It's the story of going from rebellion and obsession with darkness to discovering the light. That in itself is powerful, as is Lacey's deep commitment to telling this story. For me personally, I think there were two things that stood out to me most. First is Lacey's love of people. It's easy to say that you care about people but then forget that the people around you at a store or class or work or hair salon or wherever you happen to be are these people--everyone you come across deserves your respect and your love and it's easy to stray from that, whether in making fun of a stranger's outfit behind their back or saying something rude or whatever it might be. That is no way to promote light.

The second thing was empowerment (you see my connection to Divergent now, right?). Maybe as a quieter, I'd-rather-stand-in-the-back-than-go-up-front type of person, this was something I really needed a reminder of. There is power in knowing that there is a God greater than you who watches over you and helps you in all that you do--alone, what can we do? But if we are not alone, then we need not fear or cower in the background; we can. We can live and we can do. Here is where you start playing Fireflight's "We Are Alive." Or if you'd rather stick to the Flyleaf theme, try "Fully Alive," "All Around Me," "New Horizons," and "Beautiful Bride." That last song played in my head quite a bit as I read: it's that feeling of unity. Let's not forget that unity.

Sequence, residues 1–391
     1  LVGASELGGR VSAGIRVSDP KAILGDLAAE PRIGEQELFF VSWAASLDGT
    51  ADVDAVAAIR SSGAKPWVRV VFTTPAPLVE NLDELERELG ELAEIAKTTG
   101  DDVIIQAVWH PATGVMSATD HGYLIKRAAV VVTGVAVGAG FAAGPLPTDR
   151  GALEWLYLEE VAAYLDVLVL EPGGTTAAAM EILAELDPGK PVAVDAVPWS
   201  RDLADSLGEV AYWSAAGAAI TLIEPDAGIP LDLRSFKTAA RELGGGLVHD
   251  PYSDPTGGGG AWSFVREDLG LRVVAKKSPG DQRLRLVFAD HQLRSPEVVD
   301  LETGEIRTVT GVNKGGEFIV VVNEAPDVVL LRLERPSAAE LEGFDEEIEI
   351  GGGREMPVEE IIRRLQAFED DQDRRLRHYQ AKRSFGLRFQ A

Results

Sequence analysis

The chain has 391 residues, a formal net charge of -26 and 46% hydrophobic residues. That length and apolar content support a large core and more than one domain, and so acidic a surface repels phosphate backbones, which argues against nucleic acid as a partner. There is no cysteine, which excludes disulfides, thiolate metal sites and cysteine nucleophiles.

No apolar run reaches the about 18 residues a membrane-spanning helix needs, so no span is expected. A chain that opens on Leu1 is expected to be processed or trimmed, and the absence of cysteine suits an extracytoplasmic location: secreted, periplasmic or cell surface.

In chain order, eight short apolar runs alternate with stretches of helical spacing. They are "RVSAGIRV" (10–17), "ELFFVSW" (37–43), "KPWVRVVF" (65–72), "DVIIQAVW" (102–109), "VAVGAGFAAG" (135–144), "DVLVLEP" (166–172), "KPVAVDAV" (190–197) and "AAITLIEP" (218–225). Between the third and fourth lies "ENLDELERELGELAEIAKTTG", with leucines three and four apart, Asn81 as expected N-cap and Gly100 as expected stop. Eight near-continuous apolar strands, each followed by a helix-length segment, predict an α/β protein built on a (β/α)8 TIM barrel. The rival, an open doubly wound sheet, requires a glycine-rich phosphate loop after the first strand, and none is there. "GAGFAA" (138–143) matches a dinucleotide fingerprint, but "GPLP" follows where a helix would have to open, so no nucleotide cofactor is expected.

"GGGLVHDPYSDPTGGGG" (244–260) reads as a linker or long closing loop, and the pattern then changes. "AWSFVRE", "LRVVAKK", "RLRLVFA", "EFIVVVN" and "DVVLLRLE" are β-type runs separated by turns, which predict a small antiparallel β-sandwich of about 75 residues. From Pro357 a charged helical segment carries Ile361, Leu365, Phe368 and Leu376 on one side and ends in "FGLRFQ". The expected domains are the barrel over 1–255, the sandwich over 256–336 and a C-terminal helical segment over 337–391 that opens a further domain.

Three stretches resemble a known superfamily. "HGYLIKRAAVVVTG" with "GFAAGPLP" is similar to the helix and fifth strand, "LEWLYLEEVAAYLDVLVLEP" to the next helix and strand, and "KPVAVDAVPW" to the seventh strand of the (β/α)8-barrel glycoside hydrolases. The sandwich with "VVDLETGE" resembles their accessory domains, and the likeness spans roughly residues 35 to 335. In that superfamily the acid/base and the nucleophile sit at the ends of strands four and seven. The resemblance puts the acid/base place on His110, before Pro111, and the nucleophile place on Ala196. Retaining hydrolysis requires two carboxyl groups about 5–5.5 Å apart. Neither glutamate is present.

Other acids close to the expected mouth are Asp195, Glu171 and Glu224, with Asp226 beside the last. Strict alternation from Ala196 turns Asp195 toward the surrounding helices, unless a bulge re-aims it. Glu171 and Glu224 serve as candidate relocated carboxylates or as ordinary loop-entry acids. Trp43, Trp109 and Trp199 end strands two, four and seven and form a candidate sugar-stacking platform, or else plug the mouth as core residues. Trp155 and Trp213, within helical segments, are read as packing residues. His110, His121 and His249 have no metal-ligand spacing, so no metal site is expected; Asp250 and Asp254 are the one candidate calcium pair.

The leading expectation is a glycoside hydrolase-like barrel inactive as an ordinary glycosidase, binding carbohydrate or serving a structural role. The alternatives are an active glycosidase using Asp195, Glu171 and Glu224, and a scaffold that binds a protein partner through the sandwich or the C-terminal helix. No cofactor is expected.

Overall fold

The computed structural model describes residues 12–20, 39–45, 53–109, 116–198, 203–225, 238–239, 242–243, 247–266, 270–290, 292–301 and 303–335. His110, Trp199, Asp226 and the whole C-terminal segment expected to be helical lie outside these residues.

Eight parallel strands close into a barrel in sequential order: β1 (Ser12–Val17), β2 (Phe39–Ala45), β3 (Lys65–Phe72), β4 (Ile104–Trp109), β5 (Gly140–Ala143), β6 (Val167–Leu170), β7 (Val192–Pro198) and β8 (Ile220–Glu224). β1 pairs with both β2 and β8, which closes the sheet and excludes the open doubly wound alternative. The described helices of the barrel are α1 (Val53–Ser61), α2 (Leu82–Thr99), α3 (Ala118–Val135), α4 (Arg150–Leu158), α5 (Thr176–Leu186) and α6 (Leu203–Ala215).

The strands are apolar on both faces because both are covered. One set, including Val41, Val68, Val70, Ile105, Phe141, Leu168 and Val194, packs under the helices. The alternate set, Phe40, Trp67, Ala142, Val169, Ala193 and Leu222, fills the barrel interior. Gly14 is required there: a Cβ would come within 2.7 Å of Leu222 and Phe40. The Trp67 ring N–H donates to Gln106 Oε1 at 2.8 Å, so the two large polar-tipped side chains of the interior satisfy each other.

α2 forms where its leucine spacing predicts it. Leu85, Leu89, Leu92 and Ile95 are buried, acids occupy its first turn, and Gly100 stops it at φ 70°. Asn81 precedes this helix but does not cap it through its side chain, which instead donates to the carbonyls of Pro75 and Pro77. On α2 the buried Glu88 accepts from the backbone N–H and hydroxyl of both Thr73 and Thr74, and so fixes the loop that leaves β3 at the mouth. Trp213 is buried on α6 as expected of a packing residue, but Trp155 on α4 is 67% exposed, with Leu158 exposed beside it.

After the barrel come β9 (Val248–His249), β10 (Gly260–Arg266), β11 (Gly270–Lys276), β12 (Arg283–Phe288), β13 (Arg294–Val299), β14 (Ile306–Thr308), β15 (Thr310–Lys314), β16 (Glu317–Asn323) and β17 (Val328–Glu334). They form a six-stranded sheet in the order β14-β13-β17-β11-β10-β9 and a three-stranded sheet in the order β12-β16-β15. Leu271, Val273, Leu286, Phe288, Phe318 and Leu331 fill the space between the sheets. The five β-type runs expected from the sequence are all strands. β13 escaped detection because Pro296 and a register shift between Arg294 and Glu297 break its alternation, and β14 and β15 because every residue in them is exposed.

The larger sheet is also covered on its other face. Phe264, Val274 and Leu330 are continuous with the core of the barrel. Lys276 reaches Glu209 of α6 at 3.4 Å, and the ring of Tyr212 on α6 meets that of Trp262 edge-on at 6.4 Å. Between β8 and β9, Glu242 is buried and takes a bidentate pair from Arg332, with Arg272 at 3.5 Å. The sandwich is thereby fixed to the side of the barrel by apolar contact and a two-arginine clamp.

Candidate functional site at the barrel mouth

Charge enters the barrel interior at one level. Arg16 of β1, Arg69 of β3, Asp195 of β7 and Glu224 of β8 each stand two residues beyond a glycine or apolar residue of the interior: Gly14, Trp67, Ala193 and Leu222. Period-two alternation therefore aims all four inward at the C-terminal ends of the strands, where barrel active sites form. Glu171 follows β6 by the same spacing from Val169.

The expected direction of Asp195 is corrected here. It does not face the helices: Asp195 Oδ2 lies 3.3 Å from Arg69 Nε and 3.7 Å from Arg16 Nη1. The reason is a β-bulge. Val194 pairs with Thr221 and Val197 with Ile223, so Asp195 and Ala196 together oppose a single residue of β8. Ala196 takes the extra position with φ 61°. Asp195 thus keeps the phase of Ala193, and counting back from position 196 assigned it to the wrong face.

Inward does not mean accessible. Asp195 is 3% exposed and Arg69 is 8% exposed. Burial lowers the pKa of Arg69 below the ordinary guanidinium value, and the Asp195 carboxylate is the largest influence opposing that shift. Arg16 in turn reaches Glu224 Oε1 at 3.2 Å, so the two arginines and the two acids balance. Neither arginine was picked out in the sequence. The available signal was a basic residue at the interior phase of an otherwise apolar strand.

Sunday, March 8, 2015

Numi: Chocolate Spice Tea

It's been a busy weekend, I guess. I keep meaning to put up this quick post, but the days keep finishing so quickly and then I'm too tired to bother. I guess it's just been such nice weather (sunny, after too many days of clouds) to want to do much indoors, at a computer. But here it is at last.

Moving on through Numi's range of Indulgent Teas, I've come to the Chocolate Spice variety--which is basically a chocolate chai. It has cocoa powder, black tea, cinnamon, ginger, cardamom, cloves, nutmeg, and star anise. The tea bags smelled too much of anise to me--but I guess that was an unfair, premature observation.

You have to brew chai tea for a long time and make it with milk (or, you know, almond milk). The box says six to eight minutes, so definitely don't go less than that, otherwise the flavors don't settle in. Thankfully, anise isn't the star flavor in the taste: the cinnamon, cardamom, ginger, and cloves also come through. The thing is, there isn't very much chocolate left behind all those other strong flavors. The milk does give a feeling of sweetness that almost gives the illusion of being able to taste chocolate, but really it's a very mild flavor. More than recognizable chocolate taste I think you get more of that earthy texture of flavor instead.